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I've looked at the markets from both sides now.

At its most basic level, a trade takes place when a buyer is willing to buy at a certain price and a seller is willing to sell at that price. Both parties could be smart, experienced, and looking at the same data, yet somehow one party thinks it’s a good price to buy and the other thinks it’s a good price to sell.

Last week, several news items represented good examples of how investors could look at the same data and draw different conclusions.
Consider these:
1. Gross domestic product rose at a 2.8 percent pace in the October through December period.
Bullish investors say that’s up from 1.8 percent the previous quarter and the fastest pace in a year and a half.
Bearish investors say it’s less than the 3.0 percent growth expected by economists and most of the growth was due to inventory accumulation.
Source: MarketWatch
2. The International Monetary Fund (IMF) cut its forecast for global economic growth in 2012 and 2013.
Bullish investors say fears are overblown as private-sector economic activity in the 17-nation euro zone showed small, but unexpected, growth in January and durable-goods orders were up a strong 3.0 percent in December in the U.S. – the third straight increase.
Bearish investors say just heed the IMF’s warning, “Global growth prospects dimmed and risks sharply escalated during the fourth quarter of 2011, as the euro-area crisis entered a perilous new phase.”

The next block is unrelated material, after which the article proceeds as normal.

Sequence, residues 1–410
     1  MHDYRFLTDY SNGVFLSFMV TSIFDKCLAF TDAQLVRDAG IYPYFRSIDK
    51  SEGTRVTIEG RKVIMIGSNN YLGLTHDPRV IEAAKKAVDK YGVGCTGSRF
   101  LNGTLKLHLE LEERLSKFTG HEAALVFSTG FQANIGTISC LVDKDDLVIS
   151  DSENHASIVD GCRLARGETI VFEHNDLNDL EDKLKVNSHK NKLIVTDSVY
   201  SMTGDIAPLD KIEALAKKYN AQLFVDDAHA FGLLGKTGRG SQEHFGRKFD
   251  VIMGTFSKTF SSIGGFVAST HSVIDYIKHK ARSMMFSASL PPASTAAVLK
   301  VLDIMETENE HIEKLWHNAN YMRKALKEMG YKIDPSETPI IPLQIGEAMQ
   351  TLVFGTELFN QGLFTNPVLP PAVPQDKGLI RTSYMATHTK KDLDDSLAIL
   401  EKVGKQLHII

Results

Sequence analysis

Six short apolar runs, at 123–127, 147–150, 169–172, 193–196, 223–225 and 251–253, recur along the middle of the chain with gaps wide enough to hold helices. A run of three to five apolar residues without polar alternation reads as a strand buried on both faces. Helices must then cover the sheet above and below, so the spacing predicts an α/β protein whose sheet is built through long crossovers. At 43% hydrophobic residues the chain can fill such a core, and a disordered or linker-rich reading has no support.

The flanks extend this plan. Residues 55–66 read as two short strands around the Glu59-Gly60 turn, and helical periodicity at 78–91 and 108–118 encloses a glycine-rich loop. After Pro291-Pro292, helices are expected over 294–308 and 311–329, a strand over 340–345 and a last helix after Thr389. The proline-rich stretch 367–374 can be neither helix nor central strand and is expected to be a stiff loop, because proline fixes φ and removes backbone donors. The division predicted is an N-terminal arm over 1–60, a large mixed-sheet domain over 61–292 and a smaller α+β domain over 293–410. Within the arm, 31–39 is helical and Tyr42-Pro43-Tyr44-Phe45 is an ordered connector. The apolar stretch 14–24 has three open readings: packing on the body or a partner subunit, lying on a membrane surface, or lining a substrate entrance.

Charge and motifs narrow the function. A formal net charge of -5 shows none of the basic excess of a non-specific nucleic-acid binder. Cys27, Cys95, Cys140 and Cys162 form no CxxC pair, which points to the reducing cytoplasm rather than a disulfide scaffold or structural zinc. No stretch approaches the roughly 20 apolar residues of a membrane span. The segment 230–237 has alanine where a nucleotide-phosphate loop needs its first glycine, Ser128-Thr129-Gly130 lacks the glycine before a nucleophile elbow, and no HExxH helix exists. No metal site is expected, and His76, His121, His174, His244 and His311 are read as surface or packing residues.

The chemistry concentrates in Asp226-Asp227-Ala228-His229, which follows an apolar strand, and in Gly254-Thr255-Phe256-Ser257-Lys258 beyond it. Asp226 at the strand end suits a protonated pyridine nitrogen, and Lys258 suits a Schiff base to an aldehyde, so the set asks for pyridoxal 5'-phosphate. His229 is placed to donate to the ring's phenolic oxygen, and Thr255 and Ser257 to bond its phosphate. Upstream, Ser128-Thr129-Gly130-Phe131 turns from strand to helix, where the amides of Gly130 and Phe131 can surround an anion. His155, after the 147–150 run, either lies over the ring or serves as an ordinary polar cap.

Source: MarketWatch
3. Spanish and Italian bond yields dropped dramatically lately.
Bullish investors say the drop in yields and the strong demand in January’s bond auctions suggest the euro zone crisis is easing.
Bearish investors say the Portuguese bond market is now imploding, the Greek restructuring could fall apart, and the European Central Bank’s December offer of unlimited three-year loans to banks has simply delayed the inevitable day of reckoning.
Source: The Wall Street Journal
It’s differences of opinion like this that make markets. Thanks to the free market, there always seems to be a buyer for every seller – at the right price.
Like Joni Mitchell who sang, “I’ve looked at life from both sides now”, it pays to look at the markets from both the bullish and bearish sides and, ultimately, make decisions which you think will best position you to meet your long-term goals and objectives, yet still allow you to sleep well at night.